He stated in an interaction with editors that 25% of that country's population was ‘anti-Indian'

The branding of a quarter of Bangladesh's population as “anti-Indian” by Prime Minister Manmohan Singh has raised diplomatic eyebrows here.

Former diplomats found it intriguing that during his interaction with editors here on Wednesday, Dr. Singh, who is usually very careful with his words, chose to conclude his generally positive remarks on Bangladesh by observing that “we must reckon that at least 25 per cent of the population of Bangladesh swears by the Jamiat-ul-Islami (sic) and they are very anti-Indian and they are in the clutches, many times of the ISI.”

They also took umbrage at his observations that followed — “the political landscape in Bangladesh can change anytime. We do not know what these terrorist elements, which have a hold on the Jamiat-e-Islami (sic) elements in Bangladesh, can be up to.”

“I do not agree that 25 per cent population of Bangladesh supports the Jamiat-e-Islami. If you look at the votes they had polled in the last elections, it does not reflect so, although they contested elections along with the right-wing Bangladesh Nationalist Party (BNP) of Begum Khaleda Zia,” said a close observer of politics in Bangladesh.

Not proper: Veena Sikri

India's former High Commissioner in Dhaka Veena Sikri was more forthright. “I don't think it is proper to describe people of another country in this manner,” she said while contextualising the BNP's stand. “The BNP says the interests of Bangladesh are not served by India. Sheikh Hasina on the other hand seeks to promote friendship because she feels friendship with India is in Bangladesh's interest.”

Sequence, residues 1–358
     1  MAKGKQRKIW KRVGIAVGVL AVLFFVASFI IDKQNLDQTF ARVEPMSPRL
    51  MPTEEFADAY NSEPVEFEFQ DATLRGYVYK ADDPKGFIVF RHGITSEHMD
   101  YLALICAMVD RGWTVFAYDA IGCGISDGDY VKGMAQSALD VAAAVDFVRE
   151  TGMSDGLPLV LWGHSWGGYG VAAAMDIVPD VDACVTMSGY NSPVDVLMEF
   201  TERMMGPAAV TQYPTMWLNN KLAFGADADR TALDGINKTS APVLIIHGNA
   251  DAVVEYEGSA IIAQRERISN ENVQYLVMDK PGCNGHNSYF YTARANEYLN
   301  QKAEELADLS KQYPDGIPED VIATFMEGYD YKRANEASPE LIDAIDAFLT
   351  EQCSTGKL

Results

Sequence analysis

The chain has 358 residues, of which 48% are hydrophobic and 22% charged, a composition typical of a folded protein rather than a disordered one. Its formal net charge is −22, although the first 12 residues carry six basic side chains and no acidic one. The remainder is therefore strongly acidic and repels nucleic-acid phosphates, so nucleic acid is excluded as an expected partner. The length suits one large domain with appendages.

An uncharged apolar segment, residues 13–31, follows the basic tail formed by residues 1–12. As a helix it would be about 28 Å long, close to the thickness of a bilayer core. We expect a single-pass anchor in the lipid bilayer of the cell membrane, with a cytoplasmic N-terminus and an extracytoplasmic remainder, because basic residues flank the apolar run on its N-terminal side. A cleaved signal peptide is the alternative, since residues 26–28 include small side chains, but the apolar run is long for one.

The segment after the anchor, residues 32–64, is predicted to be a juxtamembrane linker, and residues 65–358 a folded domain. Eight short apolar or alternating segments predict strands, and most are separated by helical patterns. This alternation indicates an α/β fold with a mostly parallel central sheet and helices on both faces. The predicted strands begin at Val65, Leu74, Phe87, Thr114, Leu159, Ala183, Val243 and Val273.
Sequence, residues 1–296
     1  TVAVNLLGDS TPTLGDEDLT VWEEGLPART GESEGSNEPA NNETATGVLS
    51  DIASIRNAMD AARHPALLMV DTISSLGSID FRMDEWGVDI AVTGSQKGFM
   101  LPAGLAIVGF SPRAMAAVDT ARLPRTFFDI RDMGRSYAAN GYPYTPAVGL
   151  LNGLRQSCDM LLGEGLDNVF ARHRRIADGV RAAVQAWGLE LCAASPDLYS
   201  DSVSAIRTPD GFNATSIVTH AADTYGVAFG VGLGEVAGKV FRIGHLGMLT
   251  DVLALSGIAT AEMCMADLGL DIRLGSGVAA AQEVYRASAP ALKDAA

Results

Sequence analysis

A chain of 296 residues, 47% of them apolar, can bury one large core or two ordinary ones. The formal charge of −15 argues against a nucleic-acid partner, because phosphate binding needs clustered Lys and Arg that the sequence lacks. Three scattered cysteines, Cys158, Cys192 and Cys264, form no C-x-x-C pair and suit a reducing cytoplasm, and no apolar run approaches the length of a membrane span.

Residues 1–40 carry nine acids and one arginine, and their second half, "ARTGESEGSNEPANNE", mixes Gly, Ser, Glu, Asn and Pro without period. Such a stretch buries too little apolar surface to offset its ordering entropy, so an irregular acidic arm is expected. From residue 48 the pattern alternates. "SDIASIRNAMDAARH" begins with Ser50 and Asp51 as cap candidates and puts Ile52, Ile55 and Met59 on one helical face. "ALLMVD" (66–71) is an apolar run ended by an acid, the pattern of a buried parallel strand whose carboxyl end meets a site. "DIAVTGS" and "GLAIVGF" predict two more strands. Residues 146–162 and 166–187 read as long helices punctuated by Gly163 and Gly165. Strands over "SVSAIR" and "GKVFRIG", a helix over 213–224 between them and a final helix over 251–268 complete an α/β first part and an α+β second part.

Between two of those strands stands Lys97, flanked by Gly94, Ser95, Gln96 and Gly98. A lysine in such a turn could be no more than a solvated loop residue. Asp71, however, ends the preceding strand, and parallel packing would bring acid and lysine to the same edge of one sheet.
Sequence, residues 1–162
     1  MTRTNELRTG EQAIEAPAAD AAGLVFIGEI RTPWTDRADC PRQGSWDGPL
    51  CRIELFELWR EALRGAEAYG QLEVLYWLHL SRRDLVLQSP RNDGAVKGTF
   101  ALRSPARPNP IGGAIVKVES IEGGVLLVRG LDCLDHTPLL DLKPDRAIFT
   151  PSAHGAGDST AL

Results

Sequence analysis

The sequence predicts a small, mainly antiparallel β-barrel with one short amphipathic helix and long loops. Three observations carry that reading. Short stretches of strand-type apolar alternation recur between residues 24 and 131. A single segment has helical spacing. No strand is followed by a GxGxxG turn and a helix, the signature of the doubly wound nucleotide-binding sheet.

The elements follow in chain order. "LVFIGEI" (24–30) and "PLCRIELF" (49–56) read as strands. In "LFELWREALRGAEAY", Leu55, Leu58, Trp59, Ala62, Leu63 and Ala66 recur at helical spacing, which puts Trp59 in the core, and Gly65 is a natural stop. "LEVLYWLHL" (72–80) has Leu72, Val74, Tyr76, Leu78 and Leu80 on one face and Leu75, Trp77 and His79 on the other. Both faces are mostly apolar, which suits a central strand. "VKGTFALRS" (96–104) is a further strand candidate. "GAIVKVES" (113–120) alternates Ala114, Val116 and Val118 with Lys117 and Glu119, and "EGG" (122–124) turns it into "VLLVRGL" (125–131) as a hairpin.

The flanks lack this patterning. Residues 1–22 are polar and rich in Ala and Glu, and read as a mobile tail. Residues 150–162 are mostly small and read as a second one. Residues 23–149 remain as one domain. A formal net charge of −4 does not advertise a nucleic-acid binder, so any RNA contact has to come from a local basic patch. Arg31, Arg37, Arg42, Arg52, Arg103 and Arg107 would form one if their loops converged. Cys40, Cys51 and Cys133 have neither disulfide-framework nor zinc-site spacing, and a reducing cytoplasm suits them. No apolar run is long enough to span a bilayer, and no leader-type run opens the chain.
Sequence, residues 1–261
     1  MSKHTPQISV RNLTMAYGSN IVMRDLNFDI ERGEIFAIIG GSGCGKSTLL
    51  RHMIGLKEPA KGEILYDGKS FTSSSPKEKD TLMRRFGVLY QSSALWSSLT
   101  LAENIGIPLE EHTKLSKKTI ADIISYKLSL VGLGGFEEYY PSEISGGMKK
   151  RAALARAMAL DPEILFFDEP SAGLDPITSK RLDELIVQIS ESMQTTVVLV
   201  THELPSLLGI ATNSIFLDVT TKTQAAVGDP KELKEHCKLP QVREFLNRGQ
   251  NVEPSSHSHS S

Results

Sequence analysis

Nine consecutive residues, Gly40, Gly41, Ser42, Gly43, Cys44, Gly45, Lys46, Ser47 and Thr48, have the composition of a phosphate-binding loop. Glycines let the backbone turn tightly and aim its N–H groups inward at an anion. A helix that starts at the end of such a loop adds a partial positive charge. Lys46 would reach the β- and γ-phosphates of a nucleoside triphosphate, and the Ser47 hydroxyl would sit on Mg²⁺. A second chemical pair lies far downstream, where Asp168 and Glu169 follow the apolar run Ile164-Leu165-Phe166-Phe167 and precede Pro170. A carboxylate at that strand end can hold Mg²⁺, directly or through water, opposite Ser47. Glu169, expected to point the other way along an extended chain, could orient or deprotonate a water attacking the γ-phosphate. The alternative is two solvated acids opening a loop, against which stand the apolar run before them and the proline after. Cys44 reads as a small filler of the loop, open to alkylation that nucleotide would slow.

On Dr. Singh's assertion that a quarter of the people of Bangladesh swore by the Jamiat, Ms. Sikri wondered where the figure had come from.

“One third of the votes go to the BNP and an equal number to the Awami League. Of the remaining 33 per cent, most of it is the floating vote that looks at issues independently. I don't think you can say that 25 per cent are anti-Indian. Does it mean most of BNP's voters feel that way? One can't categorise in this manner just as one can't do the same with the people of Pakistan. Regimes and institutions can be characterised like this, not the people.”

The influence of the ISI, which has been trying to regain its hold since the early days of an independent Bangladesh, was strong under earlier regimes. But institutions such as the Bangladesh Army or the Directorate General of Forces Intelligence, unlike the Pakistani ones, are very sensitive to public opinion.

‘They want a better life’

“When during the days of the army-led Caretaker Government, they saw public opinion in favour of elections; they did a good job with them. Certainly there is a big effort by the ISI to get back their pre-partition influence. But the question is what do the people of Bangladesh want? They desire a better life and many of them see that happening by nurturing good ties with India,” said the veteran diplomat.

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